by Matthew Clarke
On July 5, 2016, a California federal district court signed off on a consent judgment in a suit filed against Tulare County, California over censorship of Prison Legal News at the county’s jail. To settle the lawsuit, county officials agreed to change the jail’s mail rules to allow delivery of PLN, and pay $155,000 in damages and attorneys’ fees.
Between September 2013 and October 2015, prisoners at the Bob Wiley Detention Center in Visalia, California were sent a total of 336 issues of PLN’s monthly publication. None were delivered. Some were returned to PLN, but no explanation was provided as to why they had been rejected. Subscribers at the jail told PLN that staff had informed them the magazines were denied because they were held together with two small wire staples.
The prisoners also told PLN that they were allowed to receive Our Daily Bread, a Christian publication, as well as jail publications which also were fastened with small wire staples.
Aided by San Francisco attorneys Lisa Ells and Christopher D. Hu with the law firm of Rosen Bien Galvan & Grunfeld LLP, and Human Rights Defense Center attorneys Lance Weber and Sabarish Neelakanta, PLN filed a federal civil rights lawsuit pursuant to 42 U.S.C. § 1983 against Tulare County, Sheriff Mike Boudreaux and 20 unnamed jail employees.
The complaintalleged that the failure to provide notice of the reason for the censorship and an opportunity to challenge it violated PLN’s due process rights, while allowing another publication to be delivered but not allowing PLN violated its equal protection rights, and permitting a Christian publication while rejecting PLN and other secular publications violated the First Amendment’s establishment clause. [See: PLN, Dec. 2015, p.53].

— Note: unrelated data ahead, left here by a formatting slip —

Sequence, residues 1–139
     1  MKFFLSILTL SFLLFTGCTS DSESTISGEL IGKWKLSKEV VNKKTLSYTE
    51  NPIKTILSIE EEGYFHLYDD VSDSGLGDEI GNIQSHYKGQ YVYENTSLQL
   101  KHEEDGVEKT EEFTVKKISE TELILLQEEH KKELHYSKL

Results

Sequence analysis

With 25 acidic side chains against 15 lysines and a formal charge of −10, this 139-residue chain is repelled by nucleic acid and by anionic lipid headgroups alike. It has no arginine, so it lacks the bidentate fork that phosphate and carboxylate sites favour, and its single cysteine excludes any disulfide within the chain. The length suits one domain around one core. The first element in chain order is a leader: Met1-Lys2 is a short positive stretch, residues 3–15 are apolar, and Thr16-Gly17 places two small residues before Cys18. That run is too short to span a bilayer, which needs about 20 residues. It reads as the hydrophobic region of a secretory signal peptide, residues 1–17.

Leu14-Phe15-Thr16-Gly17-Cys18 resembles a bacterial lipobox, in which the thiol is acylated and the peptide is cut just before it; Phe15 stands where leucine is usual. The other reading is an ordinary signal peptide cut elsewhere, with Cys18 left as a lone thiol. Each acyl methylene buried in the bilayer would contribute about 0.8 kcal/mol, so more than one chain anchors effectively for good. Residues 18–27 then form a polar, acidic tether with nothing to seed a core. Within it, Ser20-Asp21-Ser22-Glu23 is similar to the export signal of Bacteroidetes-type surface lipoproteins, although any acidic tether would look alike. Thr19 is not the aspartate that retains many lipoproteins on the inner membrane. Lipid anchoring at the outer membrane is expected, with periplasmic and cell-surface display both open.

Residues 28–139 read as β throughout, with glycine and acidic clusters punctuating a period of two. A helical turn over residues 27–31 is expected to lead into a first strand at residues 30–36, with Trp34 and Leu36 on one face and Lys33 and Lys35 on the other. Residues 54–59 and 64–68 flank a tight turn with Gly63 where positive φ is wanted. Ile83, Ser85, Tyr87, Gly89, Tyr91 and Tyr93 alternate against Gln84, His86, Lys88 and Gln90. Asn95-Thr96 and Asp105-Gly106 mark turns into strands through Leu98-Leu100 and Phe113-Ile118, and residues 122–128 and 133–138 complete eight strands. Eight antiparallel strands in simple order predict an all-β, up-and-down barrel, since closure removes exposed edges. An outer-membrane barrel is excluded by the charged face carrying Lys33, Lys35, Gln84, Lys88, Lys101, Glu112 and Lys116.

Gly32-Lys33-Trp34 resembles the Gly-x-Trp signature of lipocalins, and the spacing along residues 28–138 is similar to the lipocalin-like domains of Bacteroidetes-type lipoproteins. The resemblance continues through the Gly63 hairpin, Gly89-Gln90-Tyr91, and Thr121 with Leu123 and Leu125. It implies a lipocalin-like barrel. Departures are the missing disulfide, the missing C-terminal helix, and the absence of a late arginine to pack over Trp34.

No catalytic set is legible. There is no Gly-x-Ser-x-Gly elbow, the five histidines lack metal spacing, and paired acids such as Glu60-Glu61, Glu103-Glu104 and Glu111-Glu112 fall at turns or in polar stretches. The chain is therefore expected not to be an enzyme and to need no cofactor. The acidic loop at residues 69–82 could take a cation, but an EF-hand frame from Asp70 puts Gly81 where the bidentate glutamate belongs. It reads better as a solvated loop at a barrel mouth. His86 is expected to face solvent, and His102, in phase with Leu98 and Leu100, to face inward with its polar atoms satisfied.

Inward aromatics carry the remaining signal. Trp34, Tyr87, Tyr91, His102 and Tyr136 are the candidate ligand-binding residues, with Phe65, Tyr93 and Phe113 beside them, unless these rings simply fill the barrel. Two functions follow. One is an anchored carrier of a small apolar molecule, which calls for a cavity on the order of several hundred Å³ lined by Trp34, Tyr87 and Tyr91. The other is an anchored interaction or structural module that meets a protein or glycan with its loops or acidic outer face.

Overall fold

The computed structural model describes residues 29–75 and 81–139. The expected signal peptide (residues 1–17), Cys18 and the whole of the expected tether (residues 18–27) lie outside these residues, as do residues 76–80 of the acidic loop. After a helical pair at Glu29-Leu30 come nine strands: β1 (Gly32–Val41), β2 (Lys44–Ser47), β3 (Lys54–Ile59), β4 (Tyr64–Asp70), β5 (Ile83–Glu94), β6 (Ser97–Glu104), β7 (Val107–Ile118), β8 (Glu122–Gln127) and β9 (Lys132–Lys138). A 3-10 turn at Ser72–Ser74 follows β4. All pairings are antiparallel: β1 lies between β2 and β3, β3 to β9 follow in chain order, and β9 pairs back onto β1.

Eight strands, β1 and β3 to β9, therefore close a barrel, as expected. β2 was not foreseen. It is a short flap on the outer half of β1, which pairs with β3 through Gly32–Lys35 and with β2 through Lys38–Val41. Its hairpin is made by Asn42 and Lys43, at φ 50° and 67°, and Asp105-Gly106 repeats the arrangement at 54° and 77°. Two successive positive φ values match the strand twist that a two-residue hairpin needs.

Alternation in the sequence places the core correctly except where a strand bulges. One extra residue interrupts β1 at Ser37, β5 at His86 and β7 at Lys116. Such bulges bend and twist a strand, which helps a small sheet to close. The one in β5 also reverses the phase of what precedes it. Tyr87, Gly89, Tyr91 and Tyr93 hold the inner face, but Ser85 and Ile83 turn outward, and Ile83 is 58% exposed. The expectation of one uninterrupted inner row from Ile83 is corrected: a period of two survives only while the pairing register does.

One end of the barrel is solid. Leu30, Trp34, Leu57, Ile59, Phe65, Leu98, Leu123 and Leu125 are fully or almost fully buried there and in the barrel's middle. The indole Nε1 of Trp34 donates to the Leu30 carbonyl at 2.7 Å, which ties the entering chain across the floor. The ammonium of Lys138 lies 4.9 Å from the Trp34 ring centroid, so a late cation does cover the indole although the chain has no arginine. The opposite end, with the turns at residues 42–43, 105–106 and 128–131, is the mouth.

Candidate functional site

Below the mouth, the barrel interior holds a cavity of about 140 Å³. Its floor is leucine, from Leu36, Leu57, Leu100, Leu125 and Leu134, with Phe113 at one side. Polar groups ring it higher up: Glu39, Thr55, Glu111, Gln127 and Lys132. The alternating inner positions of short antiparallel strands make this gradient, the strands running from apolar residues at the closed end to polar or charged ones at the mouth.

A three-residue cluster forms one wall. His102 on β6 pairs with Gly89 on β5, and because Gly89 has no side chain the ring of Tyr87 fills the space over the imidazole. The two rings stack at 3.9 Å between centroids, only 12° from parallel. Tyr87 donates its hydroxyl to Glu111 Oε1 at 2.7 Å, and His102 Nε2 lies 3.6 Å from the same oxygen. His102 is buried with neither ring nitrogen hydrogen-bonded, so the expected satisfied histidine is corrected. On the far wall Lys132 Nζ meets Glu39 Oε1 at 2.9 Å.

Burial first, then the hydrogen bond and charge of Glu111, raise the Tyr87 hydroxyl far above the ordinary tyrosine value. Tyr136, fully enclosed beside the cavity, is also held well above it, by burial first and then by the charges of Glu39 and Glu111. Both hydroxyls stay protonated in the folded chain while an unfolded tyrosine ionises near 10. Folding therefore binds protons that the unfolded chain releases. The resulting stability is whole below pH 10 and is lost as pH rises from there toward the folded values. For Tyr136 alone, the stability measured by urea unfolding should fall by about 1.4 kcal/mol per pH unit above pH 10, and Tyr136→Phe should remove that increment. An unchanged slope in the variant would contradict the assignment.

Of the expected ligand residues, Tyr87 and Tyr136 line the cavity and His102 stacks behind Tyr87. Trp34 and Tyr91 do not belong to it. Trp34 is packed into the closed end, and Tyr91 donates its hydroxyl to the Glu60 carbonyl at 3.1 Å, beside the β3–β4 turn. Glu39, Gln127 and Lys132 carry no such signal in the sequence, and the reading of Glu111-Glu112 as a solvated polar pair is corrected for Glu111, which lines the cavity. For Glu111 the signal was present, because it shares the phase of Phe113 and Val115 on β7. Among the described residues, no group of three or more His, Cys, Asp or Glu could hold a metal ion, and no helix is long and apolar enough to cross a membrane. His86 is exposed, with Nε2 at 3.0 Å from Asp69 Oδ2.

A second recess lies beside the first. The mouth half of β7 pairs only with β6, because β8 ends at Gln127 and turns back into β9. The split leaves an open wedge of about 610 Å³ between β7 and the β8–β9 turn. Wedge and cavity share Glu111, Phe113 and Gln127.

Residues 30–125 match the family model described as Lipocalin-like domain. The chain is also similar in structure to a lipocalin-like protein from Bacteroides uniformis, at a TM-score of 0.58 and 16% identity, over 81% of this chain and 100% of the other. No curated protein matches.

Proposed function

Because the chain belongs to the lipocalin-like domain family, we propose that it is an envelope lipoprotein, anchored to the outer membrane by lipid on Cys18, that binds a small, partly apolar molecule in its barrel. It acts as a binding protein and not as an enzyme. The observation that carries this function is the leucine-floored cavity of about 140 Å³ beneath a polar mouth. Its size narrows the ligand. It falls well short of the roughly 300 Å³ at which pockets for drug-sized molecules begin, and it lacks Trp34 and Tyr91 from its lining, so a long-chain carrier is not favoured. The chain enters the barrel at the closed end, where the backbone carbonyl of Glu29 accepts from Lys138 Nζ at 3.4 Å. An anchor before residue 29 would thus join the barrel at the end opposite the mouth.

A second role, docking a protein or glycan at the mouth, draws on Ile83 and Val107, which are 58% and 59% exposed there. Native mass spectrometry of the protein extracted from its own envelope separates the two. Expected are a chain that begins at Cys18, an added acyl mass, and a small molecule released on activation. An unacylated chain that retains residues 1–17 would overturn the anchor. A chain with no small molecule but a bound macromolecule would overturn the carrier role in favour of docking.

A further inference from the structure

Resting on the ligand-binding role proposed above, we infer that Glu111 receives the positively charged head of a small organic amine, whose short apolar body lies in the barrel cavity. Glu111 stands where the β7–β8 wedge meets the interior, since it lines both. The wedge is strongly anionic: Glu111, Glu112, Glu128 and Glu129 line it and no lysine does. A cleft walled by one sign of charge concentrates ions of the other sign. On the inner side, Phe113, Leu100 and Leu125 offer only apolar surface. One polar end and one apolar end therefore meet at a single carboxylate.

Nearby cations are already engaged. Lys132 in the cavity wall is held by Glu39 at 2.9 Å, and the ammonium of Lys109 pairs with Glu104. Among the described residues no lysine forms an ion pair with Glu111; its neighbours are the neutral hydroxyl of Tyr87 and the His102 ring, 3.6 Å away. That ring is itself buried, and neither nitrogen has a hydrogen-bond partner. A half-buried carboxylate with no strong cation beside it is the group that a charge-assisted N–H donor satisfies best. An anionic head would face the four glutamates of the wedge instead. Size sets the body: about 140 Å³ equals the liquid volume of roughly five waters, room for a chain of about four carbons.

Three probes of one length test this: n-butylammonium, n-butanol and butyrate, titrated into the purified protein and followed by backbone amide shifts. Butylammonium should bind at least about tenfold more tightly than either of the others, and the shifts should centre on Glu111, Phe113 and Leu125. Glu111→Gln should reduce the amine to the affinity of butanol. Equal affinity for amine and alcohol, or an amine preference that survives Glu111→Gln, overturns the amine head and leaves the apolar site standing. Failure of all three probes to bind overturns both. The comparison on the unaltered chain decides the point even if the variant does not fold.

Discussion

According to settlement documents, soon after the defendants were served with the lawsuit they changed the jail’s mail policy to eliminate the use of small staples as a reason to deny a publication while retaining the right to remove the staples. The policy also was changed to ensure publishers receive notice when their publications are rejected and provided an opportunity to challenge the censorship. The consent judgment required the county to pay $15,000 in equitable damages plus $140,000 for PLN’s attorneys’ fees.
The only way that PLN learned about the censorship at the Bob Wiley Detention Center was through prisoners who let PLN know their subscriptions weren’t being delivered. PLN has successfully sued numerous jails and prison systems nationwide, obtaining settlements and injunctions ordering those facilities to deliver PLN’s publications. See: Prison Legal News v. County of Tulare, U.S.D.C. (E.D. Cal.), Case No. 1:15-cv-01650-JAM-SAB.
Additional source: www.visaliatimesdelta.com
As a digital subscriber to Prison Legal News, you can access full text and downloads for this and other premium content.
Already a subscriber? Login